Now you should be able to send a test Email with the command below, we will send the email to the root user and it should get re-routed to the final address specified in /etc/postfix/virtual.

echo "This is a test Email" | mail -s "Testing" root

Bring up the logs for postfix with the command below, then hold the shift key and press the letter g on your keyboard to jump to the bottom where the newest entries are.

less /var/log/mail.log

If everything went smoothly, you should see log entries similar to those below.

postfix/pickup[110202]: 4317C18E47: uid=0 from=<root>
postfix/cleanup[62865]: 4317C18E47: message-id=<20190805104206.4317C18E47@ServerHostName>
postfix/qmgr[5024]: 4317C18E47: from=<root@ServerHostName>, size=249104, nrcpt=1 (queue active)
postfix/smtp[62876]: 4317C18E47: to=<you@yourdomain.com>, relay=smtp.gmail.com[74.125.195.109]:587, delay=1.3, delays=0.04/0.01/0.02/1.2, dsn=2.0.0, status=sent (250 2.0.0 Ok: queued as 5B6D12E007B)
postfix/qmgr[5024]: 4317C18E47: removed

If you are setting this up on a VPS, you may see an error message like the one below. In which case you just need to log in to the Gmail account from your web browser, you should see an alert there stating that a login attempt was blocked; click through and choose “This was me”, and test sending mail again after that.

postfix/smtp[19724]: E3C71A4D: to=<you@yourdomain.com>, orig_to=<root>, relay=smtp.gmail.com[108.177.9.108]:587, delay=202, delays=202/0.05/0.31/0, dsn=4.7.14, status=deferred (SASL authentication failed; server smtp.gmail.com[108.177.9.108] said: 534-5.7.14 <https://accounts.google.com/signin/continue?sarp=1&scc=1&plt=AKgnsbv6?534-5.7.14 Y_y6_l6lnq7awbD3g-kRUqe5uT5hbCPVkxC3L57wTzokPWquZVVw4B9Hk9dapPHmFWHhp5?534-5.7.14 9UOBPafiJZBzXH36l0MyenRtgeMtrMdv1Wxt1W2wEepiy1iB6thU3uuYsWqBzI> Please?534-5.7.14 log in via your web browser and then try again.?534-5.7.14  Learn more at?534 5.7.14  https://support.google.com/mail/answer/78754 q24sm27754378otl.31 - gsmtp)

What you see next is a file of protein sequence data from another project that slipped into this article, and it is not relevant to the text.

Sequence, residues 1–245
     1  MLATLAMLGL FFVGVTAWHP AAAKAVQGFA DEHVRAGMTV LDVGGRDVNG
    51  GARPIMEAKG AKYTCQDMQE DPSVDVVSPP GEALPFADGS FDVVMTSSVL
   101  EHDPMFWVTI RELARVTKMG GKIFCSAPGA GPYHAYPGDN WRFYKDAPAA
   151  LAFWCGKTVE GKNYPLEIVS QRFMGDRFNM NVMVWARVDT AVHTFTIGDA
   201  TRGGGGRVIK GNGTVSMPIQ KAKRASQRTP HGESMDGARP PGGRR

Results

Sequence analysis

Bonus - Systemd monitoring script

This script will check the status of systemd, if all is well it just quits, if not it will fire off an Email alert specifying which unit has failed, and re-check every minute until the issue is resolved (without sending additional Emails until all services are restored).

First, we need to create a file for the script and make it executable.

touch /usr/local/bin/systemd-failed-notifier.sh
chmod +x /usr/local/bin/systemd-failed-notifier.sh

Copy and paste the script below into that file.

/usr/local/bin/systemd-failed-notifier.sh

#!/bin/bash

emailAddress="root"
statusFile="/tmp/systemd-failed-notifier-status"
lockFile="/tmp/systemd-failed-notifier-lock"

# Check for lock file and create one or quit
if [ -f "$lockFile" ]; then
  exit 0
else
  touch "$lockFile"
fi

# Read status file if it exists or create it
if [ -f "$statusFile" ]; then
  source "$statusFile"
else
  touch "$statusFile"
  lastSystemStatus="unknown"
fi

doAlert () {
  # If system status has changed, update statusFile and send email
  if [ ! "$systemStatus" = "$lastSystemStatus" ]; then
    if [ "$systemStatus" = "degraded" ]; then
      failedUnits="$(systemctl --failed | grep failed | cut -f2 -d' ')"
    else
      failedUnits=""
    fi
    echo -e \
    "
    Current Status: $systemStatus
    Previous Status: $lastSystemStatus

    Failed Units:
    $failedUnits" | \
    mail -s "$(hostname) $systemStatus" $emailAddress
    sleep 5
    lastSystemStatus="$systemStatus"
  fi
}

# Run once
systemStatus=$(systemctl is-system-running)
doAlert

# Loop if system status is not running
while [ ! "$systemStatus" = "running" ]; do
  sleep 60
  systemStatus=$(systemctl is-system-running)
  doAlert
done

# Cleanup and exit
echo lastSystemStatus="$systemStatus" > "$statusFile"
rm "$lockFile"
exit 0

We just need to create the service and timer files for systemd to run the script periodically.

touch /etc/systemd/system/systemd-failed-notifier.service
touch /etc/systemd/system/systemd-failed-notifier.timer

/etc/systemd/system/systemd-failed-notifier.service

[Unit]
Description= Systemd status email alert service

[Service]
Type=simple
ExecStart=/usr/local/bin/systemd-failed-notifier.sh

/etc/systemd/system/systemd-failed-notifier.timer

The value OnBootSec sets the time to wait after the system boots up before running the script for the first time, and OnUnitActiveSec sets the time to wait in between each subsequent run of the script after that.

[Unit]
Description=Systemd status email alert timer

[Timer]
OnBootSec=5min
OnUnitActiveSec=60min
Unit=systemd-failed-notifier.service

[Install]
WantedBy=timers.target

The following commands will configure the system to start the timer every time it boots up, and to start the timer right now.

systemctl enable systemd-failed-notifier.timer
systemctl start systemd-failed-notifier.timer